February 5, 2014 “I hate writing,” Edmund White told a newspaper last year, but he has nevertheless been turning out celebrated titles since the 1970s, writing novels and nonfiction to wide acclaim and drawing on his life as a gay man for all but a handful of them. White moved from New York to Paris in 1983 and stayed in the City of Light for fifteen years, an experience he details in his latest book, Inside A Pearl: My Years in Paris, a contemporary, gay version of A Moveable Feast. White will discuss the book at Vanderbilt University in Nashville, Buttrick Hall Room 101, on February 6, 2014, at 7 p.m.
Published Wednesday, 5 February 2014
Alan Lightman ponders it all in The Accidental Universe
February 3, 2013 Writer, physicist, teacher, and philanthropist Alan Lightman is best known for his novels, including the widely acclaimed Einstein’s Dreams, but in his new collection of essays, The Accidental Universe, he sets fiction aside to confront head-on some of the big questions about reason, faith, and our place in the cosmos. Lightman will appear at Rhodes College in Memphis on February 6, 2014, at 7:30 p.m. and at Burke’s Book Store in Memphis on February 7, 2014, at 5:30 p.m. Both events are free and open to the public.
Published Monday, 3 February 2014
Eric Dahl traces B.B. King’s everlasting affair with Lucille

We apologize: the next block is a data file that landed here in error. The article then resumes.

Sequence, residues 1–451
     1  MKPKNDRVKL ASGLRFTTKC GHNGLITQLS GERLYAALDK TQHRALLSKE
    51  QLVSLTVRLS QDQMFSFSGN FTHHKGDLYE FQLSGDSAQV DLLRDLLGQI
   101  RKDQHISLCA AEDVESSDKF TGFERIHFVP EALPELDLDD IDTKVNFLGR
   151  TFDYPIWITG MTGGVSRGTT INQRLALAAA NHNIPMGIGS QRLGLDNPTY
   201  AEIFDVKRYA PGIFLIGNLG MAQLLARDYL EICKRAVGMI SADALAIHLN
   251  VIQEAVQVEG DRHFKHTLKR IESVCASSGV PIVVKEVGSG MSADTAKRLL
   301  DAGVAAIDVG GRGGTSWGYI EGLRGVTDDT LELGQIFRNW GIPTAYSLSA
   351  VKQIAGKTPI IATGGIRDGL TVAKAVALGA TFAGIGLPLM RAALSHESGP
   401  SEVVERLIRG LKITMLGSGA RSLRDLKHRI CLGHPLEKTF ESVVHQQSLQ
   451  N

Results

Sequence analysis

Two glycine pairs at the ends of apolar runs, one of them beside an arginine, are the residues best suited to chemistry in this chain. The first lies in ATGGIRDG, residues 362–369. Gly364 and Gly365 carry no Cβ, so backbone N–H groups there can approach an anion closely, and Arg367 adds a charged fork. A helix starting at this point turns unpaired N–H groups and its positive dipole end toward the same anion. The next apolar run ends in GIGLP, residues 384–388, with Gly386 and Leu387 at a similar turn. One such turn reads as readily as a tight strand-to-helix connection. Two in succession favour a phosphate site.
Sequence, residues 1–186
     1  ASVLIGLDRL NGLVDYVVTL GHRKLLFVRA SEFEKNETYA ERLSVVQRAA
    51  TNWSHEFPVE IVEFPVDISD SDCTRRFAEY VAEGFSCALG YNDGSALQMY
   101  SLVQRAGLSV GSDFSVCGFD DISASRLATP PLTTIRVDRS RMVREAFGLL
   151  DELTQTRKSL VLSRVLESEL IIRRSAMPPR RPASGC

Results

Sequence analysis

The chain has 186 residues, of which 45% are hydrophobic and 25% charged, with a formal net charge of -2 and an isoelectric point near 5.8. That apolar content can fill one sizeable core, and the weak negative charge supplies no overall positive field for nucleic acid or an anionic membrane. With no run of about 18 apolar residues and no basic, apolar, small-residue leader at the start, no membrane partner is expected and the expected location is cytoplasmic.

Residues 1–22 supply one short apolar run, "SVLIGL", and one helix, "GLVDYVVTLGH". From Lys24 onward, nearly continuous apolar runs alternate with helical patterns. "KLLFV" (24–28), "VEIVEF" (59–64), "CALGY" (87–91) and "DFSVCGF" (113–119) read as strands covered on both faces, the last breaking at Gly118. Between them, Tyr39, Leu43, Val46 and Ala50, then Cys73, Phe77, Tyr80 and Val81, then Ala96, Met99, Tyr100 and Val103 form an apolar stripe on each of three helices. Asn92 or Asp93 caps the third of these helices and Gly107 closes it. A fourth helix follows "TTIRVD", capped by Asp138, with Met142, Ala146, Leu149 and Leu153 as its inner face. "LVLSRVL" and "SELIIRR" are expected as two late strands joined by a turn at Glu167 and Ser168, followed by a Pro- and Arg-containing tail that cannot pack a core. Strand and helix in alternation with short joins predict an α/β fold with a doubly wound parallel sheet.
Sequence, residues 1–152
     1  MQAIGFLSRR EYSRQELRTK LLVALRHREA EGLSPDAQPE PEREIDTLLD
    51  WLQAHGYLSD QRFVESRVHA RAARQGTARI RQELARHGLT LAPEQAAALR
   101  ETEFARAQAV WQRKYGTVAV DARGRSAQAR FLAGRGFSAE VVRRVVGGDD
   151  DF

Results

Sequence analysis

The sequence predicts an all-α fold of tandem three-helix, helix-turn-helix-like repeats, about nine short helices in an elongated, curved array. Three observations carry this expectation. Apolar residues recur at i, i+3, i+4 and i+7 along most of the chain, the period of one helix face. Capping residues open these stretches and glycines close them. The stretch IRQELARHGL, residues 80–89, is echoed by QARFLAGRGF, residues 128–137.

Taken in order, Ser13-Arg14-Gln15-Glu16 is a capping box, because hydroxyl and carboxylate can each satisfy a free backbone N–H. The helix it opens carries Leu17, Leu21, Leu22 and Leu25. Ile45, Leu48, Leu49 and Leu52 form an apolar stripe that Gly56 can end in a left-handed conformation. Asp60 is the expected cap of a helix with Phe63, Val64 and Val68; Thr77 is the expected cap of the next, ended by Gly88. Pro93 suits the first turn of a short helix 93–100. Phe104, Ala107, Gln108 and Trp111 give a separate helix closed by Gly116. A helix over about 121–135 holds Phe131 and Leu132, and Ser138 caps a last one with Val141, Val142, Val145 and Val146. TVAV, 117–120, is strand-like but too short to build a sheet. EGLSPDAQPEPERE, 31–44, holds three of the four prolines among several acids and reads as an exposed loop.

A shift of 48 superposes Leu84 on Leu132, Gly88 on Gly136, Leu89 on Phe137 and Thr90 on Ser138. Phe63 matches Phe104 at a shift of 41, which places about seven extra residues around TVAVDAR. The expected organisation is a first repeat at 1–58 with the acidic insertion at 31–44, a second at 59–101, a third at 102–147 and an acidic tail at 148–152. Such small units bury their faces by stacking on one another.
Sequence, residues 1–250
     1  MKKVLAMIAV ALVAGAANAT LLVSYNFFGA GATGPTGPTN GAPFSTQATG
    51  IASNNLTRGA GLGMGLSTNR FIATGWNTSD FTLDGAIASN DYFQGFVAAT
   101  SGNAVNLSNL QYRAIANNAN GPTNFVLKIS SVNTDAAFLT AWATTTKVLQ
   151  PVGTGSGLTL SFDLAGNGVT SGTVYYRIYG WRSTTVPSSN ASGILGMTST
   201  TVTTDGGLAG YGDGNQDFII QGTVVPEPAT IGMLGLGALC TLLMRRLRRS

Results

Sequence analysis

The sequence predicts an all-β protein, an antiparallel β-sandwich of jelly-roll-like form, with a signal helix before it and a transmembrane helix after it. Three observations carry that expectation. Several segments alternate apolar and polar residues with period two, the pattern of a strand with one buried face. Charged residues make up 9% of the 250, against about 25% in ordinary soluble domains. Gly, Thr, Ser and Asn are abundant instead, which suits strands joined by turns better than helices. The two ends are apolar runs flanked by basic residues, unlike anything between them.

January 14, 2014 In B.B. King’s Lucille and the Loves Before Her, lifelong blues fan and guitar collector Eric Dahl pays tribute to the regal bluesman and the close relationship he shares with Lucille, his guitar and trusted sidekick of more than sixty years. Dahl will appear at Parnassus Books in Nashville on January 16, 2014, at 6:30 p.m.
Published Tuesday, 14 January 2014
Dwight Garner talks with Chapter 16 about being one of the last full-time book critics in the country
January 13, 2014 It’s not easy to find a silver lining in the decline of local literary coverage across the country, but if there must be only a handful of full-time book critics working today, it’s good news, at least, that one of them is Dwight Garner, who writes for the daily New York Times. Prior to his appearance at Vanderbilt University in Nashville on January 16, 2014, at 7 p.m. in Buttrick Hall, Room 101, Garner answered questions from Chapter 16. The event is free and open to the public.
Published Monday, 13 January 2014
Lisa Guenther contemplates solitary confinement—historically, socially, and philosophically
by Ralph Bowden
January 9, 2014 Nashville author Lisa Guenther, an associate professor of philosophy at Vanderbilt University in Nashville, describes solitary confinement as “one of the simplest and most devastating” ways to destroy a person. In her exhaustive new book, Solitary Confinement: Social Death and Its Afterlives, Guenther gives an historical overview of solitary confinement in the U.S., discusses theories concerning its use, and examines the role of race in its application.
Published Thursday, 9 January 2014
Glenn Feldman explains how the once-blue South turned red
January 7, 2014 “The South began its move toward the modern Republican party in 1865,” writes Glenn Feldman in the opening sentence of his new book, The Irony of the Solid South: Democrats, Republicans, and Race, 1865-1944. Feldman, who earned a master’s degree in political science at Vanderbilt, spends the rest of the book backing up this surprising statement with overwhelming historical evidence.
Published Tuesday, 7 January 2014